Seven Types of Ambiguity

A week ago I picked up a book from my bookshelf that had been sitting there for so long I wondered if I’d ever take the leap to read it.

Seven Types of Ambiguity, written by Elliot Perlman, was given to me by my mother (she liked it), but it’s thickness (628 pages) combined with the hard looking black cover made it unappealing enough to leave it where I’d placed it that day she handed it over (passing on books is what we do).

The New Yorker’s quotation on the front paperback calls it, “Compulsively readable.” Newsweek claimed it, “A page turner… dangerous, beguiling fun.”

Having just finished Gone Girl (truly beguiling and fun) and needing a new book (not to mention that the last ten books I’d read were written by women) I decided to give it a go.

The first chapter is a letter to a woman from the psychotherapist of her ex boyfriend (who happened to be so madly in love with her after ten years without her that he had, indeed, gone mad). Complicated by the perspective of the narrator and the tangle of the situation, part one is full of questions for the mysterious woman and clues about the chapters to come.

On page eighteen came a line that I found so truthful and beautiful that considering the source (a man), also a stunning admittance.

The line read;

What is it about men that makes women so lonely?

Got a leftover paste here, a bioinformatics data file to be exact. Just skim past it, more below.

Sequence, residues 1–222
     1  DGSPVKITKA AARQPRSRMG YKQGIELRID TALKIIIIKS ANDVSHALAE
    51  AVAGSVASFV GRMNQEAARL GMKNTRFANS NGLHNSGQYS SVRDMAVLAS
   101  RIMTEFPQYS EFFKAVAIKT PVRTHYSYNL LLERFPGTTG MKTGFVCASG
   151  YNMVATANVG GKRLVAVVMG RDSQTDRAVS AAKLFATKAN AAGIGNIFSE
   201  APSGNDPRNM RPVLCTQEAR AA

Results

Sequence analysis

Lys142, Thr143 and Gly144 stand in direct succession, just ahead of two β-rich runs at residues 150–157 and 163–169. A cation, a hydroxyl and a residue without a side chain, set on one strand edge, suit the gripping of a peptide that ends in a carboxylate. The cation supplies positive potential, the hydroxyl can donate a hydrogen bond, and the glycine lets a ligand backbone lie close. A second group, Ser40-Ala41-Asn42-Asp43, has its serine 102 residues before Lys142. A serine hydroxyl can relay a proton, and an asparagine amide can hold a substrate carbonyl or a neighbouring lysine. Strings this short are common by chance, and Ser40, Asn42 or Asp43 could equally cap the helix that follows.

Part two is written from the perspective of a different man; the husband of the woman for whom chapter one was written. As the story continues there is a kidnapping and a big money deal to purchase Australian hospitals and frightening examples of mental illness and the most truthful account of a marriage in trouble I have ever read.

It is Webster’s definition of ambiguous; unclear, inexact because a choice hasn’t been made.

My usual one hundred page cut off (when I put a book down and accept it wasn’t written for me) has passed, but I’m struggling with the urge to put it down.

Yet I keep reading.

Is it the brilliance of the writer (and his elaborate plan) to take me down this road; to confuse me and tempt me with bits that make sense next to bits that don’t?

It very well might be, so I will keep on and of course keep you posted.

Have you read Seven Types of Ambiguity? Do you find you read more books from one sex or the other? Aside from the obvious, what is it about men and women that makes their writing feel so different? 

XOM

Seven Types of Ambiguity by Elliot Perlman. The original book of the same name was published in 1930, written by William Empson. Perlman makes reference to the original, but I haven’t yet figured out the significance (other the the fact that both books share the name).